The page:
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Worcester to Foot Bill for Millions in State Aid Cuts

Monday, December 03, 2012

 

With state revenues in the gutter so far this year, Worcester is bracing for reductions to charter school funding and a $2.5 million cut in state aid, a gap the City will have to fill from its own coffers.

Since the 2013 fiscal year began on July 1, the Commonwealth's tax revenues have failed to meet projections for four straight months, leaving Bay State revenues over $250 million off the mark. An automatic income tax cut set to kick in January 1 has already been axed, and Governor Deval Patrick's administration has sent word to begin scaling back budgets for the current fiscal year and to build cutback into the FY2014 budgets officials are currently developing.

Covering for State Cuts

While no official announcement has been made regarding so-called 9C cuts, which are instituted when the Governor and his administration determine that revenue will not meet the levels required for the spending authorized in the state budget, City Manager Michael O'Brien wants to prepare for the worst at Worcester makes its final budget adjustments prior to setting the tax rate for the current fiscal year.

"Due to the collapse of State revenues through this point in the fiscal year it is anticipated that the state will enact 9C cuts and reduce unrestricted local aid to cities and towns," O'Brien said in a letter to the City Council.

"While the amount is not known at this time, we are assuming the cut will be at least the amount that was not included in the Governor's original budget submission in January 2012 ($2.5M)."

But by jumping out in front of the potential cuts now, said O'Brien, the City will be much more likely to be able to keep its FY2013 budget intact if and when the call comes down from Beacon Hill that the state aid dollars will not all be making the trip down the Mass Pike to Worcester. That's because the Commonwealth's second-largest city has been outperforming the Bay State at large this year.

"The City's favorable bond rating and positive market access in a recent bond offering has generated premium revenues in excess of original estimates," O'Brien said. "This $2.1M in additional revenue will help to offset the loss of state aid for FY13."

For the first time in more than a decade, two of the three independent credit rating agencies upgraded Worcester's municipal bond rating this fall. Standard & Poor upgraded the City by two grades from A- to A+ and Moody's from A1 to Aa3 with a positive outlook. Fitch Ratings reaffirmed their rating of AA- with a stable outlook.

Elsewhere in its budget, the City has so far been conservative in its estimates for local revenues associated with federal Medicare programs in the Worcester Public Schools due to ongoing changes to the reimbursement system's structure.

"At this time, we expect these revenues to exceed original estimates by $1M," said O'Brien.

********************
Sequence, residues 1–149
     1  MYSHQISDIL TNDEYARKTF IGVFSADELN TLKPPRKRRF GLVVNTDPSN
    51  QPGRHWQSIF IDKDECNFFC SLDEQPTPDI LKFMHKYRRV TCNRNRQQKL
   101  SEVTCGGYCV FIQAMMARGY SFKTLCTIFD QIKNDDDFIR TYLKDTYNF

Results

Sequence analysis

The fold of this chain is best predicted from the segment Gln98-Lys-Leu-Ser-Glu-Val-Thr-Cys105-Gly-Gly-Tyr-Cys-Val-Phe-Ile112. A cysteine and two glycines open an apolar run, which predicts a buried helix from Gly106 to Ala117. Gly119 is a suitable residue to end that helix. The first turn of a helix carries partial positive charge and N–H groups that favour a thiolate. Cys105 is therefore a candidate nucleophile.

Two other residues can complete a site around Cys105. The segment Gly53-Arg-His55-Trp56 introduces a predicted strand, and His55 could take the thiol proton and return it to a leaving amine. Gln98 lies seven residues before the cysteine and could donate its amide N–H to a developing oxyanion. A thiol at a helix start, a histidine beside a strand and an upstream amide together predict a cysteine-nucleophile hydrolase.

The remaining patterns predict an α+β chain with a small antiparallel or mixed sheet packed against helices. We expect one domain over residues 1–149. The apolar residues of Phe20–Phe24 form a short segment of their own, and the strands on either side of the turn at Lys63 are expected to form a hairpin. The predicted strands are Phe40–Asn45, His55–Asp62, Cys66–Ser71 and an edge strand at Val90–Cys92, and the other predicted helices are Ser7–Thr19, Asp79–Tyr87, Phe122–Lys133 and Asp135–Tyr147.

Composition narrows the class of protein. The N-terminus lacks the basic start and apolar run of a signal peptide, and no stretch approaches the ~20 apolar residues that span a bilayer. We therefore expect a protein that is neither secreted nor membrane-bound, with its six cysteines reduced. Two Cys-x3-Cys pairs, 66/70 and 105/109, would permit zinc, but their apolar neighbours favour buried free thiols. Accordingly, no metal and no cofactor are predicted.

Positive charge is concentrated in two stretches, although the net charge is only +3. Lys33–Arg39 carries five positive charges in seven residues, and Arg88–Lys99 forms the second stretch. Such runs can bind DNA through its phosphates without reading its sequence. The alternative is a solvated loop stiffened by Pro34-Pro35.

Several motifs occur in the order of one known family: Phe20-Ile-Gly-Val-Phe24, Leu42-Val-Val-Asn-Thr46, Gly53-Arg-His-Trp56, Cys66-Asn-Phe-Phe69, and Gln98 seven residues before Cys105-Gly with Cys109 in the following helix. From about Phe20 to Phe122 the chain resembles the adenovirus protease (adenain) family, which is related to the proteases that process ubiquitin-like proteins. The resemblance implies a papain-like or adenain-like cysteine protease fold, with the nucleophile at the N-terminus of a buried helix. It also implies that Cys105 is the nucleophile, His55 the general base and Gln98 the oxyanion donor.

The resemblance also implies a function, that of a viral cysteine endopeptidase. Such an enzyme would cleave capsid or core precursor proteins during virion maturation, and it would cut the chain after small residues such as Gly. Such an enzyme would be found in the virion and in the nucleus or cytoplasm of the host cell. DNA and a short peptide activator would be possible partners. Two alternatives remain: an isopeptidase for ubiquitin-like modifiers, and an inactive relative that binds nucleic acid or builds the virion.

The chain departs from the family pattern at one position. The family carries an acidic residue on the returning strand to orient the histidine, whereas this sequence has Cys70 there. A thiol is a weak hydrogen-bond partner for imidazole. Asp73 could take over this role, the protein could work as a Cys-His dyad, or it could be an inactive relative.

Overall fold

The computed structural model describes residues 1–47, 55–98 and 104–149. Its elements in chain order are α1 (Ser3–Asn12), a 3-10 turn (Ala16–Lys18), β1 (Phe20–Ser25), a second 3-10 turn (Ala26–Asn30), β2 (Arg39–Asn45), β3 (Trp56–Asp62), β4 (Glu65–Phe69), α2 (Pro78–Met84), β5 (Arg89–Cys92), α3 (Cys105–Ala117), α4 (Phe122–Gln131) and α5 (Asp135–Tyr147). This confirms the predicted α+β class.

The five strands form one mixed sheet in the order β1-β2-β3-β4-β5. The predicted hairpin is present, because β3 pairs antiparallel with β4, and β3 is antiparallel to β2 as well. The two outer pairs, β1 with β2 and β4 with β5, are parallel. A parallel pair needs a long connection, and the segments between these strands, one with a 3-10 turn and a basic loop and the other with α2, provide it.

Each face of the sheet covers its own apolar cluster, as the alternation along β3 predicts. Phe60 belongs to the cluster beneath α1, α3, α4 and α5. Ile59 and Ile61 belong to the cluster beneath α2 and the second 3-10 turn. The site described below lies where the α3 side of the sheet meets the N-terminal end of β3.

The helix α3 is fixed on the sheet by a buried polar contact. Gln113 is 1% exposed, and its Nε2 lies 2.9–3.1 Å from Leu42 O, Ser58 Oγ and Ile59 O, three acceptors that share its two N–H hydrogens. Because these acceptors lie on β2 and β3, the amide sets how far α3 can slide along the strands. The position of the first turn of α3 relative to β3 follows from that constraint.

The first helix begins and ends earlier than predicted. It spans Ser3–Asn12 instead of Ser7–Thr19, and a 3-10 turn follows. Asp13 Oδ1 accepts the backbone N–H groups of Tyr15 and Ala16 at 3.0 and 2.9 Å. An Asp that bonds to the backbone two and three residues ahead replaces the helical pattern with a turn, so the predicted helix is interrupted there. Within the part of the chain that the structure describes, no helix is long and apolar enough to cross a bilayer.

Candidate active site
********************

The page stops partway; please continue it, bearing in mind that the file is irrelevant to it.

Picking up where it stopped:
Finally, new construction and annual increases will allow for an additional $1.48 million in estimated property tax revenue, allowing the City to close its forecasted gap and preserve Worcester's unused tax levy capacity at $10.4 million.

Yet the City's preemptive budget moves are based on estimates and predictions, which may or may not match actual cuts.

"Should the anticipated 9C cuts from the Commonwealth exceed this amount, we may have to make additional budget adjustments prior to year end," O'Brien said.

In addition to the expected $2.5 million reduction in state aid, the City also has to compensate for a number of reductions to state funding for Worcester Public Schools. Charter school reimbursements have been reduced by $418,385 while charter school assessments have increased by $172,249, resulting in net decrease of $528,527 to city revenues for the FY2013 school budget.

O'Brien has recommended that the City increase its contribution to the Worcester Public Schools by a like amount to cover the half-million dollar shortfall so the school system can continue its operations this year as if the state-level cuts had never happened.

Schools Could Still Face Issues

However, Worcester Public Schools Superintendent Melinda Boone expressed concerns about the effects budget issues at both the state and federal level could have on the City's schools in the next 12 months in a letter to the City Council last month.

If Congress fails to reach a budget deal before year's end and goes over the fiscal cliff, Boone said the school district anticipates approximately $1.7 million in reductions due to sequestration, which will affect the FY2014 budget allocations. Meanwhile, the floundering state budget only adds to the district's problems.

"Our dependence on the state budget makes our ability to provide high quality programs vulnerable to fluctuations in state revenues," Boone said.

Adding to future school budget concerns is the expiration of all the Worcester Public Schools' collective bargaining contracts by August 31, 2013, for which each 1 percent increase in employee salaries will require an additional $2.2 million, and the substantial technology upgrades required to replace all 7,500 Windows XP computers in the district which will reach end of life in 2014. 

 

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